Additionally, those leading LLM initiatives within organizations must ensure that all data used for training purposes is appropriately licensed (including Gen AI models partially built on other Gen AI models).

Frankly, even when appropriately licensed, they must consider terms and conditions governing how the data is used.

Finally, there are plenty of other caveats that (to some extent) are keeping the unprecedented AI-related excitement in check, even amid capabilities such as having the tech search Google and other sources before providing more reliable and thorough answers … or that ability to summarize docs in seconds.

For one thing, AI in its various forms does not perform so well in unique situations.

Therefore, since human behavior often revolves around unique personal circumstances or contexts, AI will arguably never understand or have insight into human behavior the way humans do.

And as of this writing, there’s also a leadership shakeup happening at the Open AI juggernaut.

In recent months, HR Tech vendor updates (at several analyst forums I’ve attended) have routinely been featuring use case examples of GenAI capabilities already developed and/or near-term available.

In fact, one HCM vendor shared their list of impactful GenAI use cases crafted at least initially for their own internal use! Some of the items on their impressive list were internal knowledge base extraction, market research, and industry content summarization, unstructured text and data analysis, training of new hires, support desk case summarization and classification, and contract reviews.

The Cloud HCM vendor segment overall has been steadily providing insights into how their ‘AI in HCM’ capabilities have continued to evolve, with outcomes like employee schedule optimization, sentiment analysis, iterations of candidate matching and flight risk prediction, document management and classification, employee metadata extraction, more sophisticated nudges, and team-based insights.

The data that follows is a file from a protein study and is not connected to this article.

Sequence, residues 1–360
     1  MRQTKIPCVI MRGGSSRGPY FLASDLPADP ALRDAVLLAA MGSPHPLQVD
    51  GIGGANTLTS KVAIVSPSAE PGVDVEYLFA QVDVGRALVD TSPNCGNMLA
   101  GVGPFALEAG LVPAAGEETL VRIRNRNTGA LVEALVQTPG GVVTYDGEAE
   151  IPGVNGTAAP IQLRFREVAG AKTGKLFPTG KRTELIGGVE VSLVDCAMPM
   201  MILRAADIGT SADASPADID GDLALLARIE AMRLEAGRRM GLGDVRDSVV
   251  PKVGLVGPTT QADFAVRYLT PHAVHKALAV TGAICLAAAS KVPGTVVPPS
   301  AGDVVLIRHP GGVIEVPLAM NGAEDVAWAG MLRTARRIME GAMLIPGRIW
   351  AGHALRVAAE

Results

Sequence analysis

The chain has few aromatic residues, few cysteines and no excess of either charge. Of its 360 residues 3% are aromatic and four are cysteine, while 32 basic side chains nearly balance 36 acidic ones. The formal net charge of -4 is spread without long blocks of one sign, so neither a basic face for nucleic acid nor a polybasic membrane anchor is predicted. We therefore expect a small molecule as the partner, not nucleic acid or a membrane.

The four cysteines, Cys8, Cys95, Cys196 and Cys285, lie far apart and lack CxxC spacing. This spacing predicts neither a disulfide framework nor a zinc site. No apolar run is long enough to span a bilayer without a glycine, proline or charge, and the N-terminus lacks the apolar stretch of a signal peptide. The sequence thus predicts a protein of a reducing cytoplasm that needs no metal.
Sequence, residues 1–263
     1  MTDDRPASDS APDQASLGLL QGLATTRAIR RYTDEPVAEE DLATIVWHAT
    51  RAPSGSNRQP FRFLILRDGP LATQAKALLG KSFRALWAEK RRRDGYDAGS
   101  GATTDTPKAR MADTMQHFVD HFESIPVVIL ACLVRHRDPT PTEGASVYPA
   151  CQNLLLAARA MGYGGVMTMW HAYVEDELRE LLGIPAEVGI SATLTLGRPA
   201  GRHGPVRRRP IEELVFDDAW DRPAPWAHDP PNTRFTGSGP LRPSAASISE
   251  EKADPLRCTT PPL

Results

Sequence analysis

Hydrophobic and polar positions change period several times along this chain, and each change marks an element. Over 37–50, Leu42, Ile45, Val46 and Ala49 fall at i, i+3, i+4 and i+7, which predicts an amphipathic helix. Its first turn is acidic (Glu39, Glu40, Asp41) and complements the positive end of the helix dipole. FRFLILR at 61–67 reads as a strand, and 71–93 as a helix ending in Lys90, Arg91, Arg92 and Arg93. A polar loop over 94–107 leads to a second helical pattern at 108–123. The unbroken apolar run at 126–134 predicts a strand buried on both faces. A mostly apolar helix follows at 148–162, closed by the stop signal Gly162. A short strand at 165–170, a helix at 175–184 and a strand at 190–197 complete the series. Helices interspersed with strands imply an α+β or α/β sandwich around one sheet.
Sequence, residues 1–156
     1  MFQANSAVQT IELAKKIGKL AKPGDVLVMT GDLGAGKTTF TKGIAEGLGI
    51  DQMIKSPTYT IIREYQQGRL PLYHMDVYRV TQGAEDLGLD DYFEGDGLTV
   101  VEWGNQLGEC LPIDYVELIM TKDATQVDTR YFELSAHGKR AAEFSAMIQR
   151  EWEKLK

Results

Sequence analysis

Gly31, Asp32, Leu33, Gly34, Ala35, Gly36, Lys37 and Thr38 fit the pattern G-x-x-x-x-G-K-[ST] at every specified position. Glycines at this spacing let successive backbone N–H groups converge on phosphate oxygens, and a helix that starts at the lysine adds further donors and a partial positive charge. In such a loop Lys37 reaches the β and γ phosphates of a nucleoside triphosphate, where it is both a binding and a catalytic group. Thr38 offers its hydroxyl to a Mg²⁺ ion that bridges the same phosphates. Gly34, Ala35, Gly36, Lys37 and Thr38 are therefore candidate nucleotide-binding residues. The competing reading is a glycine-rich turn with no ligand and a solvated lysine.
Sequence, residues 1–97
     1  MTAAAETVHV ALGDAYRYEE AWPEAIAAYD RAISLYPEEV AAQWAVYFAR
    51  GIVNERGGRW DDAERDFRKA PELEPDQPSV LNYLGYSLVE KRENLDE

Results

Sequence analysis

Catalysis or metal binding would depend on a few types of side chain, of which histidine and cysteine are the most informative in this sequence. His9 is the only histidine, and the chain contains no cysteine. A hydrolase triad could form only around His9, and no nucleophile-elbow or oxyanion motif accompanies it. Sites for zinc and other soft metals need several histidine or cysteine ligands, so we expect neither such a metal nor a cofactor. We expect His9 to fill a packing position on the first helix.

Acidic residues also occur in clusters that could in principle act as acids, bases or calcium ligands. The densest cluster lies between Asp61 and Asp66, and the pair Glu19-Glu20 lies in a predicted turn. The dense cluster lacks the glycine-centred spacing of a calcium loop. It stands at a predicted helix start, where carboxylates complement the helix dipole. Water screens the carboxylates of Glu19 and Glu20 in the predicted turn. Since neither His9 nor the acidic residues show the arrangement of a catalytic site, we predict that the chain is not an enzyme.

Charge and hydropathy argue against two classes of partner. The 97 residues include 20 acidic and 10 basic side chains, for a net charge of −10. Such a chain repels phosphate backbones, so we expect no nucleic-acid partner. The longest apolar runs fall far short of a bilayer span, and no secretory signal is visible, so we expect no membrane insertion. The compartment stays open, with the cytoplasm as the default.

GenAI in HCM 1

The GenAI Value Realization Checklist for HR Leaders

  • Developing and syndicating well-conceived GenAI guiding principles
  • Giving appropriate attention to the front end of change management, namely, a multi-dimensional assessment of organizational readiness, e.g., skills, attitude, potential distractions or impediments, data, and content thoroughness and reliability, etc
  • Assessing AI maturity level and usage in the organization, including governance policies
  • Evaluating and optimizing the GenAI use case prioritization methodology
  • Evaluating and optimizing the approach for connecting AI models to AI data sources
  • Understanding and executing on necessary staff redeployments and reskilling

Final Thoughts

If any of us thought that the ‘AI in HCM’ arena in HR Technology was a reasonably fast-moving train, the GenAI in HCM domain by comparison has basically been like a rocket ship.

And while the newest source of GenAI excitement (GPTs) show a very near future involving the ability to connect to other products and services – thereby enabling a wide range of tasks and activities previously reserved for humans, there are a variety of cautions and risk mitigation steps that cannot be ignored.

Some of the key ones have been explored here.

Finally, and at the risk of stating the obvious, given the highly fluid nature of progress and considerations permeating GenAI in HCM / HR Technology, this author’s recommendation is that any development team building GenAI-powered apps and connectors must clearly demonstrate to their internal/external users and clients that:

(1) They not only stay abreast of how the technology keeps evolving in their constant training efforts, and

(2) They are adept at balancing all the justifiable excitement with all the risks, realities, and tradeoffs of the GenAI era.

Steve Goldberg
Steve Goldberg
HR Process & Tech Leader | HCM Analyst & Advisor

Steve Goldberg's 30+ year career on all sides of HR process & technology includes HR exec roles on 3 continents, serving as HCM product strategy leader and spokesperson at PeopleSoft, and co-founding boutique Recruiting Tech and Change Management firms. Steve’s uniquely diverse perspectives have been leveraged by both HCM solution vendors and corporate HR teams, and in practice leader roles at Bersin and Ventana Research. He holds an MBA in HR, is widely published and is a feature speaker around the globe. He’s been recognized as a Top 100 HRTech Influencer.